Larry Wood and Bob Rosas designed A-OK in 1978. The hot rod Ford Model A went through 5 variations until 1983 when, according to the Hot Wheels wiki, the mold broke. The casting was re-tooled in 2008 for the Since ’68 series. I picked up this lightly-worn model on eBay. Without the original packaging, it’s impossible to know whether it’s from the Flying Colors or the Oldies But Goodies series, but this light green variation is the 1978 original casting.
During the ten years that I drove my Nova, my good friend, Brad, was always there to help me work on it. Together, we tuned it up, replaced fuel pumps and starters, rebuilt carburetors, switched out a rear end, replaced the exhaust system and lots of other odds and ends. It was always good to have some technical and moral support while making repairs – especially since it was my daily driver and I was typically on a rather limited budget.
These days, Brad and I trade die cast cars back and forth, and he’s always keeping his eye out for something to add to my Nova collection. Recently, he sent me this loose gold Chevy Nova, called Rat Attack, from the 1997 Speed Rebels series by Playing Mantis. Playing Mantis was the company that brought back Johnny Lightning during the mid-90s, although this series of Novas is a smaller-scale casting than the JLs. The Speed Rebels series also included the Vicious Villian, Alley Cat, Street Freak, Speed King, Wing Thing, Big Boss, The Dominator, The Spoiler, and Goat Buster – all of them customized American muscle cars.
Here’s a link to a page on JLCollector.net that shows all of the Rat Attack color variations. I already had this purple version in my collection of loose Novas, but it looks like I’ll have to acquire a few more before I have them all.
I had a nice, unexpected Christmas gift last month. My brother, Tim, sent me a box full of the 2013 Hot Wheels General Mills cars from the Pop Culture series. Growing up together, we shared a lot of these products around the dinner table. He sent me 5 of the six cars, and I found the Cheerios car at the local Dillon’s last night, so my set is now complete.
My favorite of the bunch is the Old El Paso Super Van. We didn’t eat a lot of Mexican food during my youth in North Dakota, but five years living in Phoenix influenced my tastes quite a bit. The Super Van – which has been around since 1975 – is one of the favorite cars from my childhood collection. I think it looks pretty good here, sporting a tile roof and redline tires.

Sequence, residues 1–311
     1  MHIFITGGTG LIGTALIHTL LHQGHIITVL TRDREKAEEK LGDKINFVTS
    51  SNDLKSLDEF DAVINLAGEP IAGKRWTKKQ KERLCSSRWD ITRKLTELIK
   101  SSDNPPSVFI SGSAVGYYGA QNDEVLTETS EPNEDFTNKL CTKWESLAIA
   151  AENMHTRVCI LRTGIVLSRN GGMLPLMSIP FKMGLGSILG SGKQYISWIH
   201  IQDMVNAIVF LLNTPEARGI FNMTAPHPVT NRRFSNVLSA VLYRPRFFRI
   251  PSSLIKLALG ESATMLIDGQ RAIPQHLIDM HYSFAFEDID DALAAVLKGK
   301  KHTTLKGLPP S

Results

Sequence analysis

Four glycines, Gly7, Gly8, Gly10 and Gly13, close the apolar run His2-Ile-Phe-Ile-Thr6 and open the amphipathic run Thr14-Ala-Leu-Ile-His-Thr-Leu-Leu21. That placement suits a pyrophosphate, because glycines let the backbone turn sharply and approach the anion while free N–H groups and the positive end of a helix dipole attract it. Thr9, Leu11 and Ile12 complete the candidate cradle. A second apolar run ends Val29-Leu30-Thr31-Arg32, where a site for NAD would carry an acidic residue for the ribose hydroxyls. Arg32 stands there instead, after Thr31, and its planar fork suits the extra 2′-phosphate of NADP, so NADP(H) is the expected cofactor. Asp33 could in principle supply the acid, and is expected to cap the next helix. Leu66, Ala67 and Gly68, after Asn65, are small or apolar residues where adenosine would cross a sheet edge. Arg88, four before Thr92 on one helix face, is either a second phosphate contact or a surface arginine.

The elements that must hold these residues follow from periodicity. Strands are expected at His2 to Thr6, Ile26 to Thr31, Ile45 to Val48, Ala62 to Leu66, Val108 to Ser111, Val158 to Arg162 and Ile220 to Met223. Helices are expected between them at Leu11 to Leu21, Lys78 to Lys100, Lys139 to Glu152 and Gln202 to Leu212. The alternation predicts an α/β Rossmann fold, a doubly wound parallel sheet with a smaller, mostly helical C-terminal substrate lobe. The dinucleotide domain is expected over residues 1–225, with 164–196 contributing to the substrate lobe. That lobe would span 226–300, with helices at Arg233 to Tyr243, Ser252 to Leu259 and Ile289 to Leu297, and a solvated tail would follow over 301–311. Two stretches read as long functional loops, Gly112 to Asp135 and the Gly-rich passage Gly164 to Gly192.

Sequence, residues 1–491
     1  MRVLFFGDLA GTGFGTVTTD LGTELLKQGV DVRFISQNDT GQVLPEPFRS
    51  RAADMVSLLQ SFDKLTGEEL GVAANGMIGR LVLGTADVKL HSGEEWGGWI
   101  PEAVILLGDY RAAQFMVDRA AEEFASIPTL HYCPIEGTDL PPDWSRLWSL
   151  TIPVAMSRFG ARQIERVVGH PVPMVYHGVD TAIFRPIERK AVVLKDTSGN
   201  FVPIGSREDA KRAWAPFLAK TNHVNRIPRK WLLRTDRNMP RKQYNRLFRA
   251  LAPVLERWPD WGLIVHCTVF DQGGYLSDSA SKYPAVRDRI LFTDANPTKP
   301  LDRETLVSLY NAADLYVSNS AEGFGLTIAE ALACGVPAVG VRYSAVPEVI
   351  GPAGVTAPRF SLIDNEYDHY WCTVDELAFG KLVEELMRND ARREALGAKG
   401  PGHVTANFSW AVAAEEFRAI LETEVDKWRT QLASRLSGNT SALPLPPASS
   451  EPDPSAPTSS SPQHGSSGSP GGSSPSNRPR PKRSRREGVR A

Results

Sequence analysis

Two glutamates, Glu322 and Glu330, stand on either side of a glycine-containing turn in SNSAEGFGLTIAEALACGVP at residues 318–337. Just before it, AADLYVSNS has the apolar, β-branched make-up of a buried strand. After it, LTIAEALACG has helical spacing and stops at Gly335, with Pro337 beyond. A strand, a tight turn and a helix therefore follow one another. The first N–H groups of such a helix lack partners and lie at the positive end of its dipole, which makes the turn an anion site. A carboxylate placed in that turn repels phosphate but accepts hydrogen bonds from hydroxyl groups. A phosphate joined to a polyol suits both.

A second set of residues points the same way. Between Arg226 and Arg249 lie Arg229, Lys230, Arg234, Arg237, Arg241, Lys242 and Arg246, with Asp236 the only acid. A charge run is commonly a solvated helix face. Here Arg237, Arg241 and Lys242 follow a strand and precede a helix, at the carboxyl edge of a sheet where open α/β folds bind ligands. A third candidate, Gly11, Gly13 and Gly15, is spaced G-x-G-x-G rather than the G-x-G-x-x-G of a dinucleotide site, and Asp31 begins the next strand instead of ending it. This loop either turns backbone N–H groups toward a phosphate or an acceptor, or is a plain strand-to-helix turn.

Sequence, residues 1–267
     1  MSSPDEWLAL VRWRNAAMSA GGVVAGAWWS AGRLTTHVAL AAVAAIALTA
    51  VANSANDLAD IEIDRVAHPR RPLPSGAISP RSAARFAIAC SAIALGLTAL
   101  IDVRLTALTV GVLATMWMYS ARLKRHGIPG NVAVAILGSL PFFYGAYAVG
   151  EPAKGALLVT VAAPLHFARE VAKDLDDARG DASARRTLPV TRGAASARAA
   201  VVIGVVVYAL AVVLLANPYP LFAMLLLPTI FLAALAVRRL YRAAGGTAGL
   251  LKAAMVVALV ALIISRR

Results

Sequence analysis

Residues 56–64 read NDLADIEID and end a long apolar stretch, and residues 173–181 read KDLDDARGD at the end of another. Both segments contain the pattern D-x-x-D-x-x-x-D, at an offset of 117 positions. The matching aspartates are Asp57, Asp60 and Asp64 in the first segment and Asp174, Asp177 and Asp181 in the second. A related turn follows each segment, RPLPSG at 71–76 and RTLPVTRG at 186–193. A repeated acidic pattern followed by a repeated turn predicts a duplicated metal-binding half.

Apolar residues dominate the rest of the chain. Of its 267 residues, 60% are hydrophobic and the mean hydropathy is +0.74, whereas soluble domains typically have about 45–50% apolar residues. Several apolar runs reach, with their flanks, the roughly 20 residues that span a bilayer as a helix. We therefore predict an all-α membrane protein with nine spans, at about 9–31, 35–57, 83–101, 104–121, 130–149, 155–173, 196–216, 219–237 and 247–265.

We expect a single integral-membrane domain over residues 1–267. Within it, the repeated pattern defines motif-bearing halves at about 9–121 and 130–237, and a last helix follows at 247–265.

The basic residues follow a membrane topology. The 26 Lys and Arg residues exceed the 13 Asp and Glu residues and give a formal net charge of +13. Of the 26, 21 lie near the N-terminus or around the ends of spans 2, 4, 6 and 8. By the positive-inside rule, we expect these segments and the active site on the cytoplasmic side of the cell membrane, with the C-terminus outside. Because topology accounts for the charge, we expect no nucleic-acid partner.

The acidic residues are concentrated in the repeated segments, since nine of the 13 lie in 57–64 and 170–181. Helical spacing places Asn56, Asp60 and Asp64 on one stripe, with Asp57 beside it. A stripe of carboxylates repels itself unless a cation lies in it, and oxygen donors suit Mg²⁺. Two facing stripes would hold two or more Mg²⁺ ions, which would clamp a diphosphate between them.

The Quick D-Livery was a new casting for 2013. I’m not sure what the actual inspiration is, but it looks like what would happen if Raymond Loewy redesigned the Volkswagen Bus. It’s a fitting model to for the Pillsbury Doughboy.
Another throwback to the streamlined look of the 1930s, Haulin’ Gas was first released in 2011. It has been used as a rolling billboard for Milk Duds, Carvel Ice Cream, Felix the Cat, and now the Green Giant.
Designed by Larry Wood and Bob Rosas and originally introduced in 1978, the Packin’ Pacer saw at least five variations into the early 80s. In 2011, the retooled version was part of the rebirth of The Hot Ones. It appears here wearing white wall tires and Totino’s Pizza deco
Another delivery vehicle used to advertise brands such as Phillips 66, Masters of the Universe, and Atari Breakout, the ’49 Ford C.O.E. (cab over engine) was first cast in 2010. Here it wears the bright deco of Kix cereal.
And finally, another delivery wearing cereal graphics – in this case, Cheerios. This is the Custom ’52 Chevy, designed by Abe Lugo, which was first released in 2012.
My son has a knack for finding the Hot Wheels Mystery Machine. When the casting first came out in 2012, I searched high and low for it but just couldn’t come up with one. I whined about it publicly so much that someone finally felt bad for me and sent me a couple – one of each of the packaging variations. A month or so ago, my son went with me to O’Reilly Auto Parts to pick up a headlamp for my car. While I went up to the counter for help, my son wandered over to a small display of Hot Wheels, where he quickly grabbed the 2014 Mystery Machine that was hanging there. A few weeks later, he was with my wife at Target when he scored another one for me.
The 5-spoke wheels are an improvement over the J5s that they put on the 2012 version. Unfortunately, the best-looking version – 2013’s Retro-Entertainment release – is one that my son has yet to find for me.
I recently found this sweet ’64 Impala at Toys”R”Us. I have at least 10 variations of this casting in my collection – only about half of the versions that have come out since it was first released in 2004. This is also the second model I’ve added to my collection from the Cool Classics line, a series which is certainly living up to its name.
My son and I have been reading Harry Potter and the Chamber of Secrets at bedtime. We’ve seen the movies and we really enjoy the scenes with the flying car. When I read in the book that the car is a Ford Anglia, it occurred to me that I had seen a die cast version and I decided it would be fun to pick one up. There were quite a few offerings of the Lesney model on eBay, but I zeroed in on a lot of cars that included an Anglia and six other old Lesney trucks, all of them in less than desirable shape.
I’ve decided this Anglia is the version of the Harry Potter flying car after it has landed in and has been beaten up by the Whomping Willow.
I’ve gotten to where I prefer my Hot Wheels and newer Matchbox cars to be in pretty clean shape, but for some reason I don’t mind some wear and tear on the old Lesney cars. In some ways, I think it adds to their character.